Shown are the corrections obtained using the δ15N value of N2 measured at LSCE (black stars), the δ18O value of O2 measured at LSCE (green crosses), the δ18O value of O2 measured at Rice University (red circles) and the ∆36 value of O2 measured at Rice University (empty blue circles).

Source Data

Extended Data Fig. 5 Comparison of firn model scenarios.

Shown are results obtained with or without the deepest LOCK-IN data point, and with constant or SCRIPPS-based O2 trend estimates, as well as forward firn model tests of atmospheric model scenarios. Top left, ∆36 data in firn and ice (LOCK-IN in green, GISP2 in red, WAIS Divide in blue, Siple Dome in purple) plotted against mean 18O18O age, compared with atmospheric trends obtained by inverse firn/ice modelling. Shown also are the ±2σ-equivalent uncertainty envelope for the inverse model (long-dashed black lines) and the best-guess trends obtained using: the SCRIPPS-based O2 scenario and excluding the deepest LOCK-IN data point (short-dashed black line); a constant-O2 scenario and excluding the deepest LOCK-IN data point (red line); the SCRIPPS-based O2 scenario and all LOCK-IN data points (dashed grey line); and a constant O2 scenario and all LOCK-IN data points (blue line). Top right, δ18O18Ocor in firn and ice (defined in Methods, ‘Δ36 for firn modelling’; LOCK-IN in green, GISP2 in red, WAIS Divide in blue, Siple Dome in purple) plotted against depth, compared with model results in firn and ice using the SCRIPPS-based O2 scenario. The solid lines show the simulation excluding the deepest LOCK-IN data point and the dashed lines correspond to the simulation with all data points. Bottom left, ∆36 data in firn and ice (same colours as in upper panels) compared with simulated profiles using the forward firn model (LOCK-IN, solid lines; WAIS Divide, long dashed lines; GISP2, short dashed lines; Siple Dome, short–long-dashed lines). Outputs shown correspond to SCRIPPS-based atmospheric concentration trends for O2 and constant values for δ18O and ∆36 (black lines); constant values for O2, δ18O and ∆36 (grey lines; results are nearly the same as the black lines); SCRIPPS-based atmospheric concentration trends for O2 and constant values for δ18O, with the +25% box model scenario for ∆36 (orange lines); the +200% box model scenario for ∆36 (blue lines); and the +300% box model scenario for ∆36 (red lines).

Source Data

Extended Data Fig. 6 Results of sensitivity tests on atmospheric trend reconstructions from the inverse firn model.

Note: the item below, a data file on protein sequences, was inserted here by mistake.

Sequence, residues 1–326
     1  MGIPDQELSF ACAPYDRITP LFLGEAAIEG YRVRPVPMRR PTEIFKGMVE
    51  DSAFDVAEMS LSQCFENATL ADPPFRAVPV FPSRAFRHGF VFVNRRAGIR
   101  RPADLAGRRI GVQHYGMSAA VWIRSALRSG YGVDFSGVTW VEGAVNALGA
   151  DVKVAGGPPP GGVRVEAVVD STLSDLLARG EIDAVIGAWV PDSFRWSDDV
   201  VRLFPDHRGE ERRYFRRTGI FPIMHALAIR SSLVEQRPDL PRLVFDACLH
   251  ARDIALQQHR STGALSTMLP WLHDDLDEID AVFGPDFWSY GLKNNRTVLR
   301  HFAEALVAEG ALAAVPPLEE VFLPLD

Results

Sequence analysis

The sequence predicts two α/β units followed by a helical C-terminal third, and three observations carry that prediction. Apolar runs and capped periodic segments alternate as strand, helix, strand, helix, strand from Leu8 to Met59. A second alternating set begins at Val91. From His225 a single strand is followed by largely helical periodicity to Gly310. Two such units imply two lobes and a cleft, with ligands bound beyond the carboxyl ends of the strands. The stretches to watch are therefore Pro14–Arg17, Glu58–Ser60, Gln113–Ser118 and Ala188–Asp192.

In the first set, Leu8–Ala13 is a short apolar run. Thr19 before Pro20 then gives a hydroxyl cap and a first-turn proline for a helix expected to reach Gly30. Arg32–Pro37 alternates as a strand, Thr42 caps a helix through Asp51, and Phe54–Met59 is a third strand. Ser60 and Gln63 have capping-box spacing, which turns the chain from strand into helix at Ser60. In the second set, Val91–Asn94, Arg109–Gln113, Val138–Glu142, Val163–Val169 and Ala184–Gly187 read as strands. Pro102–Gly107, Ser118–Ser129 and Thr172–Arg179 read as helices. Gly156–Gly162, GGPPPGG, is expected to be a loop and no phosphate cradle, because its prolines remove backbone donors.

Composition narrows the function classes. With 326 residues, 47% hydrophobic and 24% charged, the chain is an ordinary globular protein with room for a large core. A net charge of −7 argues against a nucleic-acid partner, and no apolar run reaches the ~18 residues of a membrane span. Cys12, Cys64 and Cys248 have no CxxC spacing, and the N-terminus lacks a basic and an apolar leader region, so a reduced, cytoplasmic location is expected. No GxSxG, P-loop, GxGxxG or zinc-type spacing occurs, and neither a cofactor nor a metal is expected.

36 data in firn and ice (stars with ±2 s.e.m. uncertainties shown as vertical bars; LOCK-IN in green, GISP2 in red, WAIS Divide in blue, Siple Dome in purple) plotted against mean 18O18O age and compared with modelled atmospheric trends (lines). The solid black line is the preferred scenario, obtained using a SCRIPPS-based O2 concentration trend and excluding the deepest LOCK-IN data point, with its uncertainty envelope shown alongside (dashed black lines). The left panel shows the simulation that includes the deepest LOCK-IN data point (red line), a simulation with the deepest LOCK-IN data point corrected (grey star) from a maximum estimate of 10% surface air contamination (purple line), tests of the sensitivity to the optimal solution (grey lines; see Methods, ‘Sensitivity tests on atmospheric trend reconstructions’), the simulation excluding WAIS Divide data (blue line), and simulations excluding the Siple Dome data (green solid line) or excluding the Siple Dome data and using NEEM-US-data-based diffusivity to simulate WAIS Divide firn (green dashed line). The dashed grey line shows that a straight trend with a weak slope can remain in the uncertainty envelope. The right panel shows tests of LOCK-IN firn physics parameters (green; see Methods, ‘Sensitivity tests on atmospheric trend reconstructions’) and tests of LOCK-IN diffusivity constrained with field data only (blue), all nearly superimposed to the preferred trend.

Source Data

Extended Data Fig. 7 Comparison of Δ36 values in measurements of ice-core, firn and modern air.

a, Firn and ice-core Δ36 values (means of replicates) plotted against mean gas age. b, Kernel-smoothed probability density distributions of bootstrap-resampled mean values of each dataset, showing a significant (P < 0.002) difference between the means of the ice-core and firn (above 105 m) datasets. Uncertainties are omitted for clarity. Pooled standard deviations for each sample type are 0.03‰–0.04‰ (see Methods). C.E., common era.

Source Data

Extended Data Fig. 8 Modelled fraction of stratospheric air derived from GISS-E2.1 7Be simulations.

Shown are 12-month grid-scale moving averages at the surface near each of the four polar sampling sites between 1850 ad and 2015 ad.

Source Data

Extended Data Fig. 9 Instantaneous tropospheric O3 radiative forcing at the tropopause relative to 1850 ad.

Results calculated with the GISS-E2.1 (2000s) and GEOS-Chem/MERRA2 (2005) models. Maps created using the NCAR command language67.

Source Data

Extended Data Fig. 10 Solar modulation potential.

Results estimated using the sunspot number (orange line) and reconstructed from ground‐based neutron monitors and ionization chambers (from Usoskin et al.62; blue line).

Source Data

Source data

Rights and permissions

Reprints and Permissions

About this article

Verify currency and authenticity via CrossMark

Cite this article

Yeung, L.Y., Murray, L.T., Martinerie, P. et al. Isotopic constraint on the twentieth-century increase in tropospheric ozone. Nature 570, 224–227 (2019). https://doi.org/10.1038/s41586-019-1277-1

Download citation

Further reading

Comments

By submitting a comment you agree to abide by our Terms and Community Guidelines. If you find something abusive or that does not comply with our terms or guidelines please flag it as inappropriate.

Search

Quick links